'Nothing has been more sympathetic, more gentle in its highest sense than the conduct of the inquiry by the Senate committee, and yet self-complacent moguls in England call this impertinent ... This country intends to find out why so many American lives were wasted by the incompetency of British seamen, and why women and children were sent to their deaths while so may British crew have been saved.'

Having failed to establish responsibilities under the Harter Act's provisions, Senator Smith was now, it appears, trying to establish a moral responsibility on which judgements might be based.

Thursday, 25 April was spent interrogating 23 of Titanic's crew. The men were heard separately by individual subcommittee members. Smith himself interviewing Hains, Hemming and Evans at 10pm to wrap up the day's activity.

Three members of the California's crew testified before the Senators On 26 April: her master, Captain Stanley Lord; wireless operator Cyril Evans; and a crewman described variously as 'deck hand', 'donkeyman', and 'assistant engineer' - although his name appears on the crew list as a fireman - Ernest Gill.

Titanic's crew and officers were permitted to depart on 29 April and Bruce Ismay on 30 April.

The remaining days wrapped up loose ends.

On 18 May, Captain John J Knapp of the United States Hydrographic Office testified. He proved with charts and authority-laden testimony that the ship seen by Titanic could have been no other than the Californian and the ship seen by the Californian (the steamer which, in the eyes of Captain Lord and several officers, was a small vessel about five miles away) could not possibly have been any other than Titanic.

Travelling to New York, on 25 May, Senator Smith visited Olympic at her pier, interviewed her captain, Herbert J Haddock, and visited the engine room and stokehold, where stoker Fredrick Barrett had been standing when the iceberg pierced Titanic's hull. Senator Smith returned to Washington to prepare his report to the full United States Senate.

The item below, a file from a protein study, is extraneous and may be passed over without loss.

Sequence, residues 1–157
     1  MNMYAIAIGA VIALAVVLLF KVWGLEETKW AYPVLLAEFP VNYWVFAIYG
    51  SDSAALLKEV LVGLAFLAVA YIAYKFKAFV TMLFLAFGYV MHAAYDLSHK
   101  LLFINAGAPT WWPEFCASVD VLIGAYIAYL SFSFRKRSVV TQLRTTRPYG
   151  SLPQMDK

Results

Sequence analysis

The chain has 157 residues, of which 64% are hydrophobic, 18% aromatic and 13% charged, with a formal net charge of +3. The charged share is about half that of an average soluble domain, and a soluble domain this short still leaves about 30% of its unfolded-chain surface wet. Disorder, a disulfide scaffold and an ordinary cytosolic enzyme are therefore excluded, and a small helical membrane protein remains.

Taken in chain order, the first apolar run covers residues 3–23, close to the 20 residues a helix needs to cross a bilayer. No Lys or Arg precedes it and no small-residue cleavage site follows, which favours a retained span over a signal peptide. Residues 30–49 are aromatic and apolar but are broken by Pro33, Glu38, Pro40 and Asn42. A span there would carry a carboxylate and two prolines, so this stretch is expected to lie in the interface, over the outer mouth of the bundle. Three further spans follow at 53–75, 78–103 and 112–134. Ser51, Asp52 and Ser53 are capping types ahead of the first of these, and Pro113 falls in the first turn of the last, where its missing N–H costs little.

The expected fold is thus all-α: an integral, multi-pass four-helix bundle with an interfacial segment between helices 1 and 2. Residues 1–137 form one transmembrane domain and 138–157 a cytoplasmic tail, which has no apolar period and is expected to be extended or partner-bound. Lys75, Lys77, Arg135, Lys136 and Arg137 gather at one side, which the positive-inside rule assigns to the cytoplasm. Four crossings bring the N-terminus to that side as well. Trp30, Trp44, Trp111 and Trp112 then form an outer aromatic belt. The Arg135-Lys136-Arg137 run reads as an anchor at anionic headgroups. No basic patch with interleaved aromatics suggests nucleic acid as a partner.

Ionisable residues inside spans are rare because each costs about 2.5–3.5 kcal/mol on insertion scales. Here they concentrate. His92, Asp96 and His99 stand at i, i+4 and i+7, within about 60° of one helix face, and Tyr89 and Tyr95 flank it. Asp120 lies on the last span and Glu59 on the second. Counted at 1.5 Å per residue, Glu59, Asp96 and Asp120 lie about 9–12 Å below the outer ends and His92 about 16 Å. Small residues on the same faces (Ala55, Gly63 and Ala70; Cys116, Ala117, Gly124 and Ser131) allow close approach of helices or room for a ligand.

The report summarised the sub-committee's investigations, interviews and interrogations. After establishing Titanic's ownership and the structure of IMM White Star's parent company, the report went on to describe the ship, sea trials, Board of Trade certification and the composition of her passenger list. The ship's voyage prior to striking ice was described in detail including weather conditions, speed, and ice warnings received by Titanic. paragraphs were followed by summaries of vessels in the vicinity of the sinking.

Captain Lord, master of the Californian was soundly condemned for his apparent negligence in failing to respond to what were apparently distress signals from Titanic. In the reports's most strongly worded section, Senator Smith set the tone for the years of controversy which followed.

The Titanic's lifeboat capacities, their loading and lowering, and conduct of crew and passengers while afloat were summarised, as were the commendable actions taken by Captain Rostron as he drove the Carpathia through ice to rescue survivors.

More than two pages of the report described discrepancies in wireless and telegraphic services possibility of censorship by Captain Rostron was dismissed, as was nay nefarious reason for the delay of Ismay's 15 April message. However Carpathia's wireless operator and the surviving operator from Titanic were rebuked for making arrangements to sell stories of their experiences.

A summary of recommendations, while brief, contained suggestions for changes in structure and lifeboat capacity for vessels licence to carry passengers from American ports, and further recommended that all foreign flags vessel be similarly modified or lose their passenger licence. Adequate manning of boats and boat drills for passengers were recommended. The necessity for regulations of radiotelegraphy was strongly states, including 24-hour manning of equipment, action against amateurs' interference, reliable auxiliary power sources, and maintenance of all messages' secrecy.

It also contained a suggestion that the firing of rockets or Roman candles on the high sea for any other purpose than as a distress signal be stopped. Two exhibits augmented the summary: An alphabetical list of Titanic's crew and a similar passenger list, separated by class. Each indicated 'saved' or 'lost' for each entry.

The report was ninteen pages long and exhibits occupied another 44 pages. It was ordered to be printed on 28 May 1912, only three days after the final depositions had been obtained, and summarised. 1,145 pages of testimony and affidavits.